Clinicians: Take the Surgeon General’s Pledge to End the Opioid Crisis

Clinicians, you can join the movement at

In the wake of the opioid epidemic crisis which has overcome the United States in recent years, the Surgeon General, Vivek Murthy, MD, launched earlier this month a website dubbed TurnTheTide, in a “call to end the opioid crisis.”

Dr Murthy announced this initiative on social media, with a video in which he demonstrates administration of intranasal and injectable formulations of naloxone for unresponsive opioid users. Reactions to the Surgeon General’s call can be followed with the hashtag #TurnTheTide.

This measure by Dr Murthy echoes efforts by the federal government to fight the opioid epidemic, with the Comprehensive Recovery and Addiction Act CARA, which was passed by both Houses and signed by President Obama last month, turning it into a law, and the release last March by the Assistant Secretary for Health at the Department of Health and Human Services, of the National Pain Strategy, “the first coordinated plan for reducing the burden of chronic pain that affects millions of Americans.” 1,2

The TurnTheTide website hosts a call to healthcare professionals to join the movement and take the pledge to end the crisis through self-education on safe and effective pain management, identification of patients with an opioid disorder, and their treatment as individuals with a chronic illness, not “a moral failing.”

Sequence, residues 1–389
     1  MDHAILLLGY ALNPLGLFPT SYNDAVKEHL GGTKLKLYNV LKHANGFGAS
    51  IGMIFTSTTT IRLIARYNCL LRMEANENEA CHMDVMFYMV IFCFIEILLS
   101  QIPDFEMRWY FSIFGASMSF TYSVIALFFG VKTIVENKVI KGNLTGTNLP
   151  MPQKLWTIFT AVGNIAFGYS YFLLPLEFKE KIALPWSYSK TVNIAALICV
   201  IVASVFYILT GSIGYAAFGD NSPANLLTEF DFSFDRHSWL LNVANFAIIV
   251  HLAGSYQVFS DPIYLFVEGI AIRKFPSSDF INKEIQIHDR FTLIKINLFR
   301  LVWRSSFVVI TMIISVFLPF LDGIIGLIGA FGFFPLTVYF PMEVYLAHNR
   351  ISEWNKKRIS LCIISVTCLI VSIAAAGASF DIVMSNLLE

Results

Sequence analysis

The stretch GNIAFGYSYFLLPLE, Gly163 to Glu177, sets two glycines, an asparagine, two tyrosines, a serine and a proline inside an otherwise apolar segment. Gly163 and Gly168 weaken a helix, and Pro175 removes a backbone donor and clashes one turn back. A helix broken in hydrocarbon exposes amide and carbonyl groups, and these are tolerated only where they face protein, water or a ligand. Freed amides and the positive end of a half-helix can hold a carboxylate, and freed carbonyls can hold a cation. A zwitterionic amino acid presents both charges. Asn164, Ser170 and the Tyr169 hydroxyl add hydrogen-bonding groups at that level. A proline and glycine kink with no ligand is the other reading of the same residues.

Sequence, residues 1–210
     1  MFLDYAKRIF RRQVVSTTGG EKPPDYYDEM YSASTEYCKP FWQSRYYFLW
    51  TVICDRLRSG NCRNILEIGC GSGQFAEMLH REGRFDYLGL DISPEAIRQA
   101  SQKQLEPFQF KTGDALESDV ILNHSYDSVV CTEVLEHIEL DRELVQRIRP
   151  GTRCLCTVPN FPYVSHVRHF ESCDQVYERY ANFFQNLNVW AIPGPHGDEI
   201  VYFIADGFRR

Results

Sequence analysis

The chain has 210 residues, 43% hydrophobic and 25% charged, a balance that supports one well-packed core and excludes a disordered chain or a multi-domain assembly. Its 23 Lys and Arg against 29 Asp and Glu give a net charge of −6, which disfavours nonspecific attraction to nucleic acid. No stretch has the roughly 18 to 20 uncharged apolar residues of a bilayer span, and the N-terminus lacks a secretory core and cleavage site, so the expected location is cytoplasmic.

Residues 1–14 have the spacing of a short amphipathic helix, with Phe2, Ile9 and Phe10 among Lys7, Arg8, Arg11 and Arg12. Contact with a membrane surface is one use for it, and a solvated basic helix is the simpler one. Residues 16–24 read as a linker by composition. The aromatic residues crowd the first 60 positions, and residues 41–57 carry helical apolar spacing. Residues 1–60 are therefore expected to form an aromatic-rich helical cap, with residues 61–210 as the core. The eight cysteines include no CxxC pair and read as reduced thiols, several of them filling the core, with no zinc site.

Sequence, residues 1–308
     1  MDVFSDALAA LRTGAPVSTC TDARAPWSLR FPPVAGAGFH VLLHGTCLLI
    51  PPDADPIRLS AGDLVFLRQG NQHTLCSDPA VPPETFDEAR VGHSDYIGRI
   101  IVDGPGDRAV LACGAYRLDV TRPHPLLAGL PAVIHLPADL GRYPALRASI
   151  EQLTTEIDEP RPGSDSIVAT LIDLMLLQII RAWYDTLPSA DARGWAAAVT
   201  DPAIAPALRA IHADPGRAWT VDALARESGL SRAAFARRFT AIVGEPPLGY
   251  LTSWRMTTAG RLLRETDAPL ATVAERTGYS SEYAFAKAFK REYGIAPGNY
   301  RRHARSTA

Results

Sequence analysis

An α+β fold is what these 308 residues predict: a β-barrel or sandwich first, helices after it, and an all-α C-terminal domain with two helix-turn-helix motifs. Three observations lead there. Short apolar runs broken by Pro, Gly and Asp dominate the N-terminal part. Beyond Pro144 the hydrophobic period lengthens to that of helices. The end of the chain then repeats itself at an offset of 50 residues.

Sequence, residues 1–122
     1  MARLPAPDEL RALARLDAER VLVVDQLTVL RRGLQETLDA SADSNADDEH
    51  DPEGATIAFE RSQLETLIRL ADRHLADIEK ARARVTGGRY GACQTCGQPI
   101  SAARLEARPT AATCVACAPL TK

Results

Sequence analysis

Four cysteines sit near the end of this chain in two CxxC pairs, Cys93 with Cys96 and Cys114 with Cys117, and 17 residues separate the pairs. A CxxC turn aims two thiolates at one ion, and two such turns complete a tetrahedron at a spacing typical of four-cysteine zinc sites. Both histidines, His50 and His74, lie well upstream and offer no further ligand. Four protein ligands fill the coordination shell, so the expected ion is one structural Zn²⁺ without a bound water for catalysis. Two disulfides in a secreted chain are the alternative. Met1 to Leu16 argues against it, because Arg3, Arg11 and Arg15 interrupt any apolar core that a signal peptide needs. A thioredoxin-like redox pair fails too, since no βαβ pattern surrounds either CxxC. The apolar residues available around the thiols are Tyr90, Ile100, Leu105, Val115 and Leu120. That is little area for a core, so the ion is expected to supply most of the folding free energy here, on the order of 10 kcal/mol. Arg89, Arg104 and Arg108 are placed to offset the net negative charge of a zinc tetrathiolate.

A week following the launching of the site, under 2,000 professionals have taken the pledge –you can join the movement here. “We, as clinicians, are uniquely positioned to turn the tide on the opioid epidemic,” states Dr Murphy.

In an infographic based on data gathered by the Center for Disease Control and Prevention (CDC), the scale of the opioid epidemic is highlighted on the website: over 249,000,000 opioid prescriptions in 2013, “enough for every adult in America to have a bottle of pills,” a 300% increase in opioid sales since 1999-not matching the effect on pain relief-and 25% of Americans chronically treated with opioids.

The website also provides a “pain treatment toolbox,” as a way to guide clinicians on opioid prescription, with supporting resources, including a checklist and “pocket card” for opioid prescription to manage chronic pain.

In addition, the website provides recommendations for opioid dosages, as well as tools to assess patients treated with opioids. Resources for patients are also offered, with facts on opioids, information on opioid-related risks for addiction and overdose, as well as recommendations for those initiating an opioid regimen.

For more information, and to join the call, consult

Related Articles


  1. Text of the Comprehensive Recovery and Addiction Act. Available at: Accessed August 15, 2016.
  2. The National Pain Strategy. Available at: Accessed August 15, 2016.